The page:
• In my years of shooting trap and skeet, both informally and in competition, the most commonly encountered shotgun was Remington’s ubiquitous Model 1100 autoloader. I found it interesting how 1100 shooters used different methods to keep the guns working. Some would spray WD-40 or some other lube on the magazine tube/gas assembly until it dripped off, then reinstalled the fore end. Others swore by shooting their 1100s totally dry.

            As for me, I found WD-40 just the thing to cut plastic residue in the bore after a day’s shooting (100-200 shots) on my single barrel trap guns. I used a 36-in. long rod specially made to attach to a portable electric drill, which is then secured in a vice. The oversized steel bore brush fixed on the end of the rod would really cut the crud on the inside of the shotgun barrel which had been doused with WD-40, moving the barrel back and forth around the spinning rod. Ramming a wadded paper towel down the bore with another rod left it cleaned and oiled for the next range session.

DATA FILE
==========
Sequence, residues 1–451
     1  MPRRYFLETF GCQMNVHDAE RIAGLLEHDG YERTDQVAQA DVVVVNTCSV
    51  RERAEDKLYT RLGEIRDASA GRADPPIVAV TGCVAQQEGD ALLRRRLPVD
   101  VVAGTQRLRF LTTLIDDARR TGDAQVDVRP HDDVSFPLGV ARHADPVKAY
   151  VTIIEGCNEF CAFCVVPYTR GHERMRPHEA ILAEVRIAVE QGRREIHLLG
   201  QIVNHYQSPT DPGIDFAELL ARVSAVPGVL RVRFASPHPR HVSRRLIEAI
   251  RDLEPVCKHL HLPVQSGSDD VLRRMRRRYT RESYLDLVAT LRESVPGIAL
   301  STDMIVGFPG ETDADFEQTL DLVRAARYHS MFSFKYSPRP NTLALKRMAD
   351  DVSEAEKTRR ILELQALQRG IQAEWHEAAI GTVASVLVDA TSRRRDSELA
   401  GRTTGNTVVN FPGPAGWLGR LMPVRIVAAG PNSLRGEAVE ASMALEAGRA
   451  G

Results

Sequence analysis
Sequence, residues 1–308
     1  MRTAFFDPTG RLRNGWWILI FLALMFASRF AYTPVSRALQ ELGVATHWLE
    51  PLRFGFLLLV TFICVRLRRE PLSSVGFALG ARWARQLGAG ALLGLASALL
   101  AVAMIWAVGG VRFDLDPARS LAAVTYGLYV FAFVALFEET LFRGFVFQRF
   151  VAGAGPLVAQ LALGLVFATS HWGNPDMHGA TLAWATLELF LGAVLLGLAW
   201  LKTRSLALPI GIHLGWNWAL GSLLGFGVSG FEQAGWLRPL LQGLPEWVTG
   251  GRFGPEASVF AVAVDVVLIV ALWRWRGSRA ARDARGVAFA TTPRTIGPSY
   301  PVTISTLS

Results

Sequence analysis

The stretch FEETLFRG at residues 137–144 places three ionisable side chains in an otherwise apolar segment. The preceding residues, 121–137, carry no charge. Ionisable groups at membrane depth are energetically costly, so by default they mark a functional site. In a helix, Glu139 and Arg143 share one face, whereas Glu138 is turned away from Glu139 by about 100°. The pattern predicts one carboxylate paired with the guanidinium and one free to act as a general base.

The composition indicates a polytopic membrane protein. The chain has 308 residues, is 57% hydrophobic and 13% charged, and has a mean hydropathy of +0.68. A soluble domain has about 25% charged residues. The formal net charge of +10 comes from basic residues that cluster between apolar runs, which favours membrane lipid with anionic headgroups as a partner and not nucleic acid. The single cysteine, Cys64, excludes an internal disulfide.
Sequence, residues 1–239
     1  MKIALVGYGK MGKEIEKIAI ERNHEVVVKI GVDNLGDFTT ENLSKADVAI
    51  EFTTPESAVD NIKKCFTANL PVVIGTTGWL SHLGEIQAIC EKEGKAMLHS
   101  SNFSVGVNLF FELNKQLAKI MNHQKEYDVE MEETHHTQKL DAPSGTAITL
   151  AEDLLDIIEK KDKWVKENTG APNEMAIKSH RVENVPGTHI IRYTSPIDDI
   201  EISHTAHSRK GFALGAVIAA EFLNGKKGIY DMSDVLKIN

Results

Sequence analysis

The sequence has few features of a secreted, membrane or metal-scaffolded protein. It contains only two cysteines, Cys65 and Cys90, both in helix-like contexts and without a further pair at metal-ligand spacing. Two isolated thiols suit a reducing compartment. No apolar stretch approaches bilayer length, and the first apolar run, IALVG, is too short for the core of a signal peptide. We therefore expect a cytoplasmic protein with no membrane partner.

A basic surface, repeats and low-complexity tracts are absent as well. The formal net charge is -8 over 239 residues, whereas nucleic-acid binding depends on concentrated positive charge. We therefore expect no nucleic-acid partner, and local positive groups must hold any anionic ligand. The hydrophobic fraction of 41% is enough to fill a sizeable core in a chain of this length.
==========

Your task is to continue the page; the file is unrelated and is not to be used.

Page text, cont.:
2. The rifle in the video is actually CETME A-2, for it is chambered for 7.62×51 (so called CETME-OTAN cartridge). CETME A-1 was a first version using the CETME indigenous 7.92×40 cartridge.
    While A-1 remained a test rifle, the A-2 model was adopted by the Spanish military and during the late 1950s it saw service in Infi and West (Spanish) Sahara.